Monday, January 29, 2007
Not to be a god or hero, but to change
Into a tree that grows for ages
Hurting no one...
To hold the hand of someone long ago
Who passed away, a memory,
To be brave until the end of all my days.
At the neighing of the red horse,
amen to that.
Tuesday, January 23, 2007
"Non-Christians accept each others faults and are capable of loving each other regardless of individual flaws."
"Groups of Christians tend to be more prone to forming clicks [sic], speaking poorly of others behind their backs, and entertaining disputes over petty differences."
In response, I posted my thoughts, and decided to post them here (slightly modified) as well:
While I have seen first-hand the unfriendly or "cliquish" attitudes of some Christians, I would encourage the letter-writer not to be too hasty in his/her assessment of all Christians. My own experience has been that people tend to surround themselves with others based upon similar beliefs and interests. Additionally, people are generally fairly civil to one another as long as their deepest-held beliefs aren't strongly challenged.
BUT - put people together who have differing belief systems and quite often, Christian or not, the sparks will fly! Not to mention the many other relational difficulties between people. There are enough bad examples of friendship everywhere that one doesn't need to highlight Christianity... except for the fact that Christians are supposed to be DIFFERENT!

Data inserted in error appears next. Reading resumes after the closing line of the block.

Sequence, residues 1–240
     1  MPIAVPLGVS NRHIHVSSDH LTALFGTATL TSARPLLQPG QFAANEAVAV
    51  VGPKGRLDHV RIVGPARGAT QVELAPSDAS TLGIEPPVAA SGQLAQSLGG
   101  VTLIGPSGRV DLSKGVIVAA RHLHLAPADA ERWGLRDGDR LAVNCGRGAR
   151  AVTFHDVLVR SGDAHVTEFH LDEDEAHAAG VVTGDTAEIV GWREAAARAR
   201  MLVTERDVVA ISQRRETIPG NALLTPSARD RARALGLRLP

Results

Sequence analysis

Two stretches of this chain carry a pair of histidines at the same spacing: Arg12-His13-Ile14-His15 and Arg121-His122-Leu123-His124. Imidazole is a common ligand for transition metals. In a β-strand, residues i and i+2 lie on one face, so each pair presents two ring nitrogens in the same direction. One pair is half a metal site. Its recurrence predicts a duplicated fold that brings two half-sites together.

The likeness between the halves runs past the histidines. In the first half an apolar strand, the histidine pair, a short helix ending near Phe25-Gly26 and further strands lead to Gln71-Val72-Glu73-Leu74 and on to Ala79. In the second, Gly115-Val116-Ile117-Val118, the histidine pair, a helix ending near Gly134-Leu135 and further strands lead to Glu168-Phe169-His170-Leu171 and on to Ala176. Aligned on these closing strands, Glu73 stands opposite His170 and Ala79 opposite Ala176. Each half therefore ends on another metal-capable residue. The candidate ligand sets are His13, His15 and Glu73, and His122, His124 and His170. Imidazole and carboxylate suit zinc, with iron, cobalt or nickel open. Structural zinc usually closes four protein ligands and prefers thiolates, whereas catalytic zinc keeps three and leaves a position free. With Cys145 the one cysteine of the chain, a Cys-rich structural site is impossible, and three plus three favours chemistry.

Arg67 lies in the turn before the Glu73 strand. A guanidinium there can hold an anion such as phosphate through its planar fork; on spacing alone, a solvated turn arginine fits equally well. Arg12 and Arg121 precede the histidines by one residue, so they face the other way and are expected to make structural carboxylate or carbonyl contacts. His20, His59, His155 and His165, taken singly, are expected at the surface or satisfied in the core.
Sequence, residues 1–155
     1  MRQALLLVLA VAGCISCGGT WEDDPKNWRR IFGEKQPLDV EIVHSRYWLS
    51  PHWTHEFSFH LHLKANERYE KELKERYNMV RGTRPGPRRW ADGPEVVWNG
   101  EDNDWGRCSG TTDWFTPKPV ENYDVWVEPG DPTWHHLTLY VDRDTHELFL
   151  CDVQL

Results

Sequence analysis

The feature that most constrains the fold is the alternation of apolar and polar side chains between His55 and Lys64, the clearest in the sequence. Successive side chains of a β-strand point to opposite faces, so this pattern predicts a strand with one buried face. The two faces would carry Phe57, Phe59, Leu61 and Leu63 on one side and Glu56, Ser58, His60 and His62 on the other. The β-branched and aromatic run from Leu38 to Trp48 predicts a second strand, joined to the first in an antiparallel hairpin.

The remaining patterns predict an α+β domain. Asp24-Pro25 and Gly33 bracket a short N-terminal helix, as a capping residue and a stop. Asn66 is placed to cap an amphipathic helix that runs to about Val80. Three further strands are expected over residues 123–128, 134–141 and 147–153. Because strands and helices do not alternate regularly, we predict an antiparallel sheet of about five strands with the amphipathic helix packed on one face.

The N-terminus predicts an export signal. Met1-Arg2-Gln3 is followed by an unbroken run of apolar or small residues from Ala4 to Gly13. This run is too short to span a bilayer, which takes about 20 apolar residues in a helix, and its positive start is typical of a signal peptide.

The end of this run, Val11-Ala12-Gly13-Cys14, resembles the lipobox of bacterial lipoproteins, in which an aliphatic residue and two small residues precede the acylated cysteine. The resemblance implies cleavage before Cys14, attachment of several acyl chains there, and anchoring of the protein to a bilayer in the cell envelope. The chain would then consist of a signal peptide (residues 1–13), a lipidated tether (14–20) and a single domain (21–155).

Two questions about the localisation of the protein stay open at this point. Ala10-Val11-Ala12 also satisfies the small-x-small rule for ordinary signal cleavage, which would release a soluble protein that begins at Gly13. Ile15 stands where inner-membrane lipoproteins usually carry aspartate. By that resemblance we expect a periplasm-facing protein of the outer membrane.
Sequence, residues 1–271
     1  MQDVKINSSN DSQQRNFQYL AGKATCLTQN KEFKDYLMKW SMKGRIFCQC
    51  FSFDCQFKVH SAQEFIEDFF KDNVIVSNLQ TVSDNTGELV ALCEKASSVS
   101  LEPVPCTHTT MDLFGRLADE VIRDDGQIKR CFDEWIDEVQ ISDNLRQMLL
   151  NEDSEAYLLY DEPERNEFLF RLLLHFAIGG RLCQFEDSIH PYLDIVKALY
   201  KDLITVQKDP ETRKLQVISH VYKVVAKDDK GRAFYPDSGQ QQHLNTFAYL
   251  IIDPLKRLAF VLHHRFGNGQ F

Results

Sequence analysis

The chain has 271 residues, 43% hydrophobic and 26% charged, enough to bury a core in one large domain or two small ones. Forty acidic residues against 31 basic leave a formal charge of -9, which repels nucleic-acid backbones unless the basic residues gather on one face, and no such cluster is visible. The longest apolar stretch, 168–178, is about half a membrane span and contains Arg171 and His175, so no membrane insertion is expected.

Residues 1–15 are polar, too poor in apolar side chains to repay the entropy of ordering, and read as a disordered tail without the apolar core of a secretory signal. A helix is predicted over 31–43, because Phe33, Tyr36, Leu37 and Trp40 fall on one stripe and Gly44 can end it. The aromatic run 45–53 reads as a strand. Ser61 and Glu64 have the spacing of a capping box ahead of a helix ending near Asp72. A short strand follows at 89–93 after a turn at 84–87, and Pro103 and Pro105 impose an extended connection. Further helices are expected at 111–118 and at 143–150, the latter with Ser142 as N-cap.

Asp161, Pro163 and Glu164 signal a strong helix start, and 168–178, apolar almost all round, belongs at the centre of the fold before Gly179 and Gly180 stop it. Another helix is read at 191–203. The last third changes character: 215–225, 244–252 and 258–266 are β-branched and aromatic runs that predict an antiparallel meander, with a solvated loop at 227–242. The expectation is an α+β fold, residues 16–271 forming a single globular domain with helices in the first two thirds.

So what's the problem? I think part of it is that Christianity has, for a couple hundred years at least, been primarily expressed as a rock-solid, empirically verifiable, series of propositions that must be defended against its "enemies." Add to this the puritanical concept of "being holy", and the distinctive "individual" idea of faith (that is more reflective of American ideals than the biblical witness), and it is not surprising to me that many American Christians feel they must vigorously defend their faith against everyone who doesn't think exactly the same.
This is, in part, what creates all the cliques and "petty differences" mentioned above. Ironically, because many Christians are certain that they have found the "absolute truth", they then feel that they must protect that truth at all costs. And I would suggest that once such a mindset has been fostered, it tends to quickly notice points of contention and gravitate toward them. So, if there aren't any "outsiders" to defend against, often "defense-minded" Christians end up turning on each other.